reviewed by Jamie Mackay
Research culture in the humanities has always been elitist, but never has it been so cut-throat and drained of vitality. While established thinkers cling to their hard-earned brands a new generation of dialecticians fight tooth and nail over raw morsels of funding, their self-esteem secured only by conservative dreams of more bloody and radical days. The university is a depressing place to do theory. So often friendships are left to a series of ‘what if’s as groups are torn apart by... [read more]
Judith Butler, Parting Ways: Jewishness and the Critique of Zionism
reviewed by Maya Osborne
The late and great critic Edward Said is aptly evoked in Parting Ways: Jewishness and the Critique of Zionism when Judith Butler writes that ‘Since there is no self without a boundary, and that boundary is always a site of multiple relations, there is no self without its relations.’ This proposition forms part of Butler’s critique of Zionism, and it levels with the possibility that if we deny this necessarily multiple relation to boundaries, we are dangerously placing ourselves in a world... [read more]
Leaving The Sea is only the third offering of Ben Marcus’s fiction we have seen in the UK. 2012 saw the publication of his masterpiece The Flame Alphabet by Granta, who have also had the good sense to republish his earlier work The Age of Wire and String with beautiful illustrations by Catrin Morgan. Given the outstanding quality of his writing, I can only assume that plans are in place to bring Notable American Women to UK readers without forcing them onto the internet and the custom of... [read more]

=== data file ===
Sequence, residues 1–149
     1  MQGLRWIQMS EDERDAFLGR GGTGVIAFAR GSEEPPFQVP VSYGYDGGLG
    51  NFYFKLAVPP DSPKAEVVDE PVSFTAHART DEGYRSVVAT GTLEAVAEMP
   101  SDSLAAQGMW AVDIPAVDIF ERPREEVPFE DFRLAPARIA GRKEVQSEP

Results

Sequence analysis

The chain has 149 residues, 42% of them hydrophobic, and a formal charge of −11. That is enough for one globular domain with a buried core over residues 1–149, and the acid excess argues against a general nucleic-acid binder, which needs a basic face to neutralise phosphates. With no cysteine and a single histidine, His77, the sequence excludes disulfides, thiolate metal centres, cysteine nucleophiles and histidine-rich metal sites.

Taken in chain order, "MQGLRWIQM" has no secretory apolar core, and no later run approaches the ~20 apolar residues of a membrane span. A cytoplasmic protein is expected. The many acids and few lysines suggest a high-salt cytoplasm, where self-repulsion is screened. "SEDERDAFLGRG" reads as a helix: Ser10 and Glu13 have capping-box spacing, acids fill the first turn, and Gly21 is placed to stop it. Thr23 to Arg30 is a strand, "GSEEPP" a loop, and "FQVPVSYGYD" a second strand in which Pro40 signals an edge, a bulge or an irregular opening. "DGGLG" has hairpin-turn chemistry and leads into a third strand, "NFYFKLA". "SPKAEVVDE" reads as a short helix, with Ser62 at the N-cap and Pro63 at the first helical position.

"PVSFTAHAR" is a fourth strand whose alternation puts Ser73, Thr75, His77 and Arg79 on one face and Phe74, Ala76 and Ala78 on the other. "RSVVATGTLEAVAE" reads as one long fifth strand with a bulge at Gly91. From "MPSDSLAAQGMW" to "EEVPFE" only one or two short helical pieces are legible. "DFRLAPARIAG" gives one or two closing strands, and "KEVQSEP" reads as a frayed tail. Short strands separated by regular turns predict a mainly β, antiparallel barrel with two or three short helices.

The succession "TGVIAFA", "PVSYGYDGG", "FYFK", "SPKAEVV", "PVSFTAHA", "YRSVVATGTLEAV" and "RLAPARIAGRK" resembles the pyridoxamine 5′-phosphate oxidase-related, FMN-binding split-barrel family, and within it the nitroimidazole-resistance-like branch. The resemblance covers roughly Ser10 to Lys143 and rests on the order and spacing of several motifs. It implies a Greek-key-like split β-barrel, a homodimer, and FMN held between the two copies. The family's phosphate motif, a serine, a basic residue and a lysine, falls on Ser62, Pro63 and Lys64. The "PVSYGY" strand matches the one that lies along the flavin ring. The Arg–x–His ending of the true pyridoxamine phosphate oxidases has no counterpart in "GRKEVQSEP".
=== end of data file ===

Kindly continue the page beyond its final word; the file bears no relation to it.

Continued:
Christopher Hale, Massacre in Malaya: Exposing Britain’s My Lai
reviewed by John Newsinger
For many years the British Army had a reputation as experts in counterinsurgency. Whereas both the French and the Americans had suffered humiliating defeats in Indo-China, Algeria and Vietnam, the British had not only successfully crushed insurgencies in Malaya, Kenya and elsewhere, but also managed the task without resorting to the brutality, torture and overkill that discredited other counterinsurgency campaigns. In the 1990s, this reputation was reinforced by the British performance in... [read more]
Peter Sloterdijk's Nietzsche, celebrated here in the transcript of a talk given in Weimar on the centenary in 2000 of the German philosopher's death, is first and foremost the iconoclast of language, which is to say of classical philosophical discourse. Standing at the dawn of humanity's plunge into irrationality, he is also the end-result of a tradition of self-assertion that expressed itself through the hubris of nations with regard to their own cultures, and their belligerent intentions... [read more]
This February, HarperCollins US published a new edition of Jane Bowles’ 1943 novel Two Serious Ladies. If you’ve never read the book before, I hope this news might prompt you to do so - but please don’t judge it by its cover. The design features an illustration of two young women in 1940s dresses. It’s nice, in its way: pretty, a bit kooky, cute. The thing is, Two Serious Ladies isn’t.
The two ladies on the cover (described as being ‘like an ad for Daria’ by the women’s... [read more]